This morally and politically derelict government shames us – Amy Brooke

When Meriam Ibrahim, her little son in prison with her, was recently shackled to a prison floor in Sudan, condemned to death in two years’ time for being a Christian, she was kept fastened in leg chains while giving birth to her new daughter.

Her crime – while being Christian all her life – being convicted of apostasy because her father, whom she has not seen since childhood, was Muslim. Her husband is an American citizen.

Ibrahim’s case raised international outrage, with Britain’s Prime Minister David Cameron branding it barbaric, and the Times campaigning for her release. Contrast this with the way we New Zealanders have been simply fobbed off by Prime Minister John Key and Foreign Affairs Minister Murray McCully when asking what steps our government intended to take to effectively protest against the Sudan government condemning a Christian woman to death for honouring her religious beliefs. This is the same Murray McCully whose handling of the Malaysian diplomat’s alleged sex offence has been regarded as inept and incompetent.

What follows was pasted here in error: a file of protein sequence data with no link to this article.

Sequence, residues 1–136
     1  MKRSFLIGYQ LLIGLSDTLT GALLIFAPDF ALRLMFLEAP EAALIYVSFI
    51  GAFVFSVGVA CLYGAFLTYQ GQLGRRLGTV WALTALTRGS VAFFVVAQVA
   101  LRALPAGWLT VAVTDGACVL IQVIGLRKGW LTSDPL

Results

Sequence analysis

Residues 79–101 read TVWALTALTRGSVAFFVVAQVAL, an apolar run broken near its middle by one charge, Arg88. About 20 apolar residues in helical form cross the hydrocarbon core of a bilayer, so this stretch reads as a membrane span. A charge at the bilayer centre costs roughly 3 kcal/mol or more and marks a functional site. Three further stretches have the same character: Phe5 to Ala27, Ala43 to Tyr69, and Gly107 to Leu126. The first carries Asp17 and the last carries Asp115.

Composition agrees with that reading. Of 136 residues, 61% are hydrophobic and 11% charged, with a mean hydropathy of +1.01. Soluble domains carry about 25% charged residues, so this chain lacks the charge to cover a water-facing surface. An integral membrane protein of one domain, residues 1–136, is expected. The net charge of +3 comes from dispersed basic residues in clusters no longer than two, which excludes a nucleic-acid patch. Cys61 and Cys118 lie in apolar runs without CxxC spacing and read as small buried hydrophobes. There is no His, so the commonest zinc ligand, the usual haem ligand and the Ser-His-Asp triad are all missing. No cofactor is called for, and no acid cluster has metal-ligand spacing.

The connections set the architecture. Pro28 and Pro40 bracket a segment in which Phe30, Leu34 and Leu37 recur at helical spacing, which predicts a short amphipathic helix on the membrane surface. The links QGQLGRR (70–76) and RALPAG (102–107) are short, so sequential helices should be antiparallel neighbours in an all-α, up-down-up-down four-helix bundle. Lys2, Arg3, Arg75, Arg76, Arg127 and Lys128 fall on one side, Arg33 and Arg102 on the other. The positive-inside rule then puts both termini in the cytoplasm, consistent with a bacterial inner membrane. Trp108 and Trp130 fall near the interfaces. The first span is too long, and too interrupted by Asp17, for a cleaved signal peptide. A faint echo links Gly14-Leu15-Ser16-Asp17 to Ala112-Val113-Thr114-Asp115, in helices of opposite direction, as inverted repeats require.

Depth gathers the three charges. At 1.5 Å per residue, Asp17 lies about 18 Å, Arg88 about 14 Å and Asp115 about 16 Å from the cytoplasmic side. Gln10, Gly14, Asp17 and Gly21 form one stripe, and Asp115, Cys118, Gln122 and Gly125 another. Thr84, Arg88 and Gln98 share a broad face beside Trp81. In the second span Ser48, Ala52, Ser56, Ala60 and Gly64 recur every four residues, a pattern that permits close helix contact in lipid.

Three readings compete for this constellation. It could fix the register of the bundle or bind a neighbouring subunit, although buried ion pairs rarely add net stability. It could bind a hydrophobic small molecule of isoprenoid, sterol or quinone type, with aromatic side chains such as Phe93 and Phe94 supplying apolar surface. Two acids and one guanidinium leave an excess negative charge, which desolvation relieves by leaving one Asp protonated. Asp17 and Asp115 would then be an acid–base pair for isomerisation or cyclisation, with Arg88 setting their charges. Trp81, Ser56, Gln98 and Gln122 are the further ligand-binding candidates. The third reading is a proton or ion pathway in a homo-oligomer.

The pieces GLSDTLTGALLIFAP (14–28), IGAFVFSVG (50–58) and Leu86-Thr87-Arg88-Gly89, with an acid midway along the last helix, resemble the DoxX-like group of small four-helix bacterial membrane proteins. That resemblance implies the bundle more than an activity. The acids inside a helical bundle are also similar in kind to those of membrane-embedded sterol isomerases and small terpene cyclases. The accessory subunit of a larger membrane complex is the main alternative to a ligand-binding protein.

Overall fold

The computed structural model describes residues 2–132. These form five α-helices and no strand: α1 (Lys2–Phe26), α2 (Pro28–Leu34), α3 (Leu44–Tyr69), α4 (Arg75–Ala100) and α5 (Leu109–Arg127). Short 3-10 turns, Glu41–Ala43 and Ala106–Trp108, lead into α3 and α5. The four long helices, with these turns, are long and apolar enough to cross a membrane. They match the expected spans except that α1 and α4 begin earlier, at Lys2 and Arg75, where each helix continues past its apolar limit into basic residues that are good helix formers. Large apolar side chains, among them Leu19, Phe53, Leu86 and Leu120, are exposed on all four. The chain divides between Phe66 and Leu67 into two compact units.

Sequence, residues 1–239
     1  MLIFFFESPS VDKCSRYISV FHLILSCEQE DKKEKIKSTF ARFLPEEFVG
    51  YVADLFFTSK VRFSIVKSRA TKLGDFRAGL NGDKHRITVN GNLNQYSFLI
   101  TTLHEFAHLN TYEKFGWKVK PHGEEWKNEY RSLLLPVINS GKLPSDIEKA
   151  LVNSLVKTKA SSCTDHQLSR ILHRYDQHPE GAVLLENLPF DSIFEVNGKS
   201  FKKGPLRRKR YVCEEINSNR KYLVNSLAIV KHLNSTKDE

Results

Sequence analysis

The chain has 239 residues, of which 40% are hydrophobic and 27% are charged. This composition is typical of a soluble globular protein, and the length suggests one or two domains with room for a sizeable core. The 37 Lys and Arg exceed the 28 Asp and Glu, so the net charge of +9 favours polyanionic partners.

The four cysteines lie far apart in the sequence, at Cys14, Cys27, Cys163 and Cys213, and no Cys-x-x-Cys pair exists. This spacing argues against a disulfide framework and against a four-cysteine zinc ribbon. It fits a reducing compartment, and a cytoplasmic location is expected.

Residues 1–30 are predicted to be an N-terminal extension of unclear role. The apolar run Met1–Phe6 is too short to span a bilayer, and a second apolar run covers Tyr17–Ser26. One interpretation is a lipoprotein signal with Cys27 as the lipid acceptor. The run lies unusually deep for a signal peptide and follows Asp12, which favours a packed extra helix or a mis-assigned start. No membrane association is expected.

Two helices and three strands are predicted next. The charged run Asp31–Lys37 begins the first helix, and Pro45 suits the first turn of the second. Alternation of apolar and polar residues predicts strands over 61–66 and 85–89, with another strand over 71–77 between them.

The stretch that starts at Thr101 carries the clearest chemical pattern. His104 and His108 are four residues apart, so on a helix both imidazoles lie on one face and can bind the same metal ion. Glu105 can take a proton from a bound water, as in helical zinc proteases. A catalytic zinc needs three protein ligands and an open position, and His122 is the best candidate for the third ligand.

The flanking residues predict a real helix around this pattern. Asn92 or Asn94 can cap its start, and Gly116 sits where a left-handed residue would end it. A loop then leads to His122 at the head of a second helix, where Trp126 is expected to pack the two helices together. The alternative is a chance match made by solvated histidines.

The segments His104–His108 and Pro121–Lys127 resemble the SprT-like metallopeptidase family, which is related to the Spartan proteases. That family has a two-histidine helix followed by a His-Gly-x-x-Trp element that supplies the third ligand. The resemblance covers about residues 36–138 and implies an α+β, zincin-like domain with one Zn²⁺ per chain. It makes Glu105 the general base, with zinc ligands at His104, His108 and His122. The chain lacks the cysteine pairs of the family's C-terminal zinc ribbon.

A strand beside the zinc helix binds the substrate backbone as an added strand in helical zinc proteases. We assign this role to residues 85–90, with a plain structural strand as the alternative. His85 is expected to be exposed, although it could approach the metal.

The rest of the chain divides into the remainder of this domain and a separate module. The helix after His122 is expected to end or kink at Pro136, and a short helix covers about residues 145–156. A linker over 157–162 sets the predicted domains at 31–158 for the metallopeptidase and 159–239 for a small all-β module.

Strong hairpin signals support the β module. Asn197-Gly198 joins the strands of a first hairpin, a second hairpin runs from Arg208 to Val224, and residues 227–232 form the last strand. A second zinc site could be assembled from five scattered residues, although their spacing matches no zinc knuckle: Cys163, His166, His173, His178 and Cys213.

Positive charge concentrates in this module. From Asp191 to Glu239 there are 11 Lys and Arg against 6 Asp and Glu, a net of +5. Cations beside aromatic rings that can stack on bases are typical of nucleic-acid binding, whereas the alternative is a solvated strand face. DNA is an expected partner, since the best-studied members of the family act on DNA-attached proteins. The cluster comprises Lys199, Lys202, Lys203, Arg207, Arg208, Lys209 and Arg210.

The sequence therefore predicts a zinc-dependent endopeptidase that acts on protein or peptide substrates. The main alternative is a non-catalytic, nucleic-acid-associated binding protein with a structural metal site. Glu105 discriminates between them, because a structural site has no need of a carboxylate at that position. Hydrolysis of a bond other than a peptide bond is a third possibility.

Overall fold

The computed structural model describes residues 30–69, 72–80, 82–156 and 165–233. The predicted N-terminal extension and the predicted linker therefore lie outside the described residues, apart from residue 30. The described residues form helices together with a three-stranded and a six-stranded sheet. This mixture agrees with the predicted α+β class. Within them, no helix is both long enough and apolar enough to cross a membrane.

The crux of McCully’s eventual reply to me, arriving two months later, is padded with the usual waffle about New Zealand being a strong supporter of freedom of religion or belief, etc. It states that while we “…monitor the human rights situation globally” (all talk and no action, as we know) “it would be unusual and inappropriate for New Zealand to directly involve itself in African states‘ judicial processes…{we do} not have diplomatic representation in Sudan. However, the New Zealand government continues to press for the recognition of human rights, and in this particular case, urge {sic} Sudan, via multilateral representation, to uphold their international human rights obligations.”

What does he mean by “multilateral representation”? – essentially weasel words, a cover-up for the fact that, shamefully, we have made no public protest at all. In other words, this is not only a typical politician’s letter, but dodges the fact the New Zealand government did manage after all to directly involve itself “in African states’ judicial processes” when it squeezed out a protest recently about the imprisonment of three Al Jazeera journalists. Governments know it’s a good idea to show solidarity with journalists…but a woman giving birth chained to the floor? – Our government apparently couldn’t care less.